Zebra’s ID card printers are known all over for the reliable way in which they deliver superior print quality at all times. They also form a wide selection range comprising several different models and options, aimed at meeting varying card-production requirements and budgets.
Zebra’s ID printers are well-designed machines that let you speedily render a variety of batch-card operations, whether you happen to be dealing in regular printing work or high-volume, one-time printing. Regardless of whether you need heightened security features in each card or not, and can make do with just the basic stuff, Zebra printers can meet your needs in the exact ways that you prefer. All aspects including flexibility, security, and print quality are upheld to high standards while making sure you do not exceed your operational budget.
Following are the main Zebra ID card printers, along with their summarized features. This information could prove helpful if you ever decided to buy from the brand.
Highlights (Highest to Entry-Level)
- ZXP8 Printer: This printer is capable of putting out high-definition prints using reverse transfer printing technology, which ensures maximum security in printed cards. The prints are of photo quality, and over the long term, the machine costs very less to own. It carries the full gamut of options for lamination and encoding and is highly versatile in the uses it can be put to.
- ZXP7 Printer: Meant for users who seek high performance and productivity, the Zebra ZXP7 is capable of printing both one-sided and dual-side. The prints are of photo quality, and this model is significantly cost-efficient. Advanced security is one of the givens when you print a card in this machine.
- ZXP3 Printer: Known for its markedly fast print speeds, this printer is capable of rendering both one-sided and dual-side jobs. You get professional quality cards as well as a bunch of security and encoding options, both of which only partly describe the usefulness of this model.
- ZXP1 Printer: Mainly appreciated for outputting quality prints inside an affordable budget while easing a user’s work, this printer nevertheless has its share of limitation. For one, it can print only single-sided, although the prints themselves are first-class. On the plus side, this machine is very compact, especially in comparison to the other models released under its brand. It is also manageable over a network.
ZXP7 and ZXP8: Similarities and Differences
Both of these high-tier models are known for meeting users’ high capacity, higher level needs. Each is an affordable option for achieving high-quality cards, whether printed single-sided or dual-sided. You get consistent performance that delivers sharp, clear and color-rich edge-to-edge images. The color control stays precise, the black text crisp, and the barcodes easily readable.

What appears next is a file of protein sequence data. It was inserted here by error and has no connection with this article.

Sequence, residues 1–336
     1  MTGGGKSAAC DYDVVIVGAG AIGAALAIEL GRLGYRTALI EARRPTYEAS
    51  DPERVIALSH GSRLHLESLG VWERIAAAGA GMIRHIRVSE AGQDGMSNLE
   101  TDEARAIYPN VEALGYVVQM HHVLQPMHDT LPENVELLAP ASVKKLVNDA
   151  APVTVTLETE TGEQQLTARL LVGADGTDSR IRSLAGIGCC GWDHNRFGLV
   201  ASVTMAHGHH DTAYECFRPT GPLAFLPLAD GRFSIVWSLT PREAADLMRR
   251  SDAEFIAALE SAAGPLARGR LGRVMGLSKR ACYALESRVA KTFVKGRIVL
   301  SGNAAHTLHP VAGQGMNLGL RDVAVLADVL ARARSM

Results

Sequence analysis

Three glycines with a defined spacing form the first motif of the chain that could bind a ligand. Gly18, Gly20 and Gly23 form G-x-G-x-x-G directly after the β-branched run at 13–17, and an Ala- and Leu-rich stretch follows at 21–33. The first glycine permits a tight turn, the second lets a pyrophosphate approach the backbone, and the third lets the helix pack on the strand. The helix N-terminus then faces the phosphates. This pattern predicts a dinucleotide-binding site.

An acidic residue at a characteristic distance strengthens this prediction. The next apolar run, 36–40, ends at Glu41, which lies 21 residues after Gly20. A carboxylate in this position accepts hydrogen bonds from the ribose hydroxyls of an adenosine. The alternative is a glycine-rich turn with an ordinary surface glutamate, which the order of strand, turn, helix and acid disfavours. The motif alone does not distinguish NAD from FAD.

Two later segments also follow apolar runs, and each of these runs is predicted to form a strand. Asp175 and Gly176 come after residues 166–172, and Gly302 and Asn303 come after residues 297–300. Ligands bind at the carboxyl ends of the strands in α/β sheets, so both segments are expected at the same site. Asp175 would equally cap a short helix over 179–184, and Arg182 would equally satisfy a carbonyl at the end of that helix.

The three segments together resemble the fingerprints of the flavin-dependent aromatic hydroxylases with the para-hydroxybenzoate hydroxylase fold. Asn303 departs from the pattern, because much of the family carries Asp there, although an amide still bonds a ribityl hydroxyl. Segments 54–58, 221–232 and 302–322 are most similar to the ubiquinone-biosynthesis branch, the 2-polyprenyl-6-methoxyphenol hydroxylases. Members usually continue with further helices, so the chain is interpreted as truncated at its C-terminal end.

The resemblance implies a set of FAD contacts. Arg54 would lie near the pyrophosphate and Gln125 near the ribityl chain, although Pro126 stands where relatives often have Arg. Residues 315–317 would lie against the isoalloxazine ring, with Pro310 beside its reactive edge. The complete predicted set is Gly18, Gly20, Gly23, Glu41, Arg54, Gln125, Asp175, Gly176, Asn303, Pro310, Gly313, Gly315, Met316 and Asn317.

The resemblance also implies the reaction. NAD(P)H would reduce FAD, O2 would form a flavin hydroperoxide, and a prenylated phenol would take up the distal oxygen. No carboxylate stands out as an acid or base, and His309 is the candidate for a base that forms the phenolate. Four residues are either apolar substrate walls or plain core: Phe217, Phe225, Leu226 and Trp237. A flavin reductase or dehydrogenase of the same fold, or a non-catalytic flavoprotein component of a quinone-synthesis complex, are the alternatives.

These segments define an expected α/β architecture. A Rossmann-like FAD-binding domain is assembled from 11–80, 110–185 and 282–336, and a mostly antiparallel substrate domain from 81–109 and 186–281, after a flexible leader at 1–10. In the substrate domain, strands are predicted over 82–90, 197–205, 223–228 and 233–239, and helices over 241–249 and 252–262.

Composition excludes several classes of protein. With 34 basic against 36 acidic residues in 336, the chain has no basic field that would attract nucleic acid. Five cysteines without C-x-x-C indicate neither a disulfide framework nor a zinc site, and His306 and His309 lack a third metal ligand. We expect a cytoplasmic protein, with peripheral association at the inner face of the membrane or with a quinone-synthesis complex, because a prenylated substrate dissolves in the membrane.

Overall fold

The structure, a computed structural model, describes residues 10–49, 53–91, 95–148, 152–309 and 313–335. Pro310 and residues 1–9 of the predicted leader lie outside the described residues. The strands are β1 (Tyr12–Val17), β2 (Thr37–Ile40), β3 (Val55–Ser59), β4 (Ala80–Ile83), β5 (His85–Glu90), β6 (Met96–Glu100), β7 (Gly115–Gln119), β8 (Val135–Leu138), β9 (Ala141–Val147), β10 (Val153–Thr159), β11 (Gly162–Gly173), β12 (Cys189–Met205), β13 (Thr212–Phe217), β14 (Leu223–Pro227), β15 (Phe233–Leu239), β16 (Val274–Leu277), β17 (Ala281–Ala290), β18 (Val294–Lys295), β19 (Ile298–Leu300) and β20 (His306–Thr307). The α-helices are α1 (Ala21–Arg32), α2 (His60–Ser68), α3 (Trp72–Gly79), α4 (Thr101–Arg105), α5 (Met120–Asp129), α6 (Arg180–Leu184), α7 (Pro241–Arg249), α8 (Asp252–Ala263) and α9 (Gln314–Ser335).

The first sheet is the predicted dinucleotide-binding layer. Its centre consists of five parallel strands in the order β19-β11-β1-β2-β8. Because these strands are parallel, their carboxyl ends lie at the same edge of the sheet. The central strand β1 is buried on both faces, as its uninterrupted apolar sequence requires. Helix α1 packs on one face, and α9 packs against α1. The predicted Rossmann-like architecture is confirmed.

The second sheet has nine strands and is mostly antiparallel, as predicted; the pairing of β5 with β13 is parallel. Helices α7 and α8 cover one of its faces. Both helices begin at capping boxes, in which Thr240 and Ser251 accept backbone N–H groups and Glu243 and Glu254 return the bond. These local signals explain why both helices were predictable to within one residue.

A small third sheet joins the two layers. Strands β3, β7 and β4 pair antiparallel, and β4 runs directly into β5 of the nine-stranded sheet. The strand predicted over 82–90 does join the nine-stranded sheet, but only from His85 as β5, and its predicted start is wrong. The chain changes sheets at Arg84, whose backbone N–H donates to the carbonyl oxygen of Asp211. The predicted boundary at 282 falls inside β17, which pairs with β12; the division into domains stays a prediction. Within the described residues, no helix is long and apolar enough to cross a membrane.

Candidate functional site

The ZXP7 and ZXP8 models are well matched to high-security environments, and overall, provide solid value as well as steady and practical results. However, there do exist significant differences between the two. Based on the content requirement, security needs, and card production volume you the ZX8 and ZX7 can be as different as night and day.
The main distinguishing factor between them is the printing technology used; where the ZXP8 uses retransfer printing technology that allows for thicker, higher-security cards, the ZXP7 uses a dye-sublimation thermal transfer to affix prints onto cards.
The ZXP8 is capable of printing perfectly on almost any smooth surface and keeps clear of most image quality issues commonly seen in direct-to-card printers. The HDP retransfer layer acts as another source of security and durability. You can use this printer to encode, print, and laminate, all at the same time. Meanwhile, the ZXP7 can reprint both full-color and monochrome, and although it lacks the more advanced features already mentioned, this printer can stretch its per-ribbon-roll printing capacity to twice as many black-and-white images, and fifth over the latter’s color image capacity.
ZXP1 and ZXP3: Similarities and Differences
Both the ZXP1 and ZXP3 are entry-level models, capable of outputting vivid colors, edge-to-edge expanse, and consistent performance. Each is well suited to environments with a basic requirement in terms of card production.
That said, there are a few significant differences between the two as well, the biggest of which had to do with speed and print capability. While ZXP1 can only handle single-sided printing, ZXP3 is able to print either way. The former’s printing capacity goes up to 500 monochrome card prints every hour, or 120 color single-sided ones. The ZXP3 takes this up a notch to 700 monochrome card prints every hour, or 180 color single-sided ones.
Both the printers make use of dye-sublimation thermal transfer, in both monochrome and full-color printings. The ZXP3, meanwhile, is also able to print twice as many cards from a single ribbon role and is sought-after for a lot of higher-volume printing.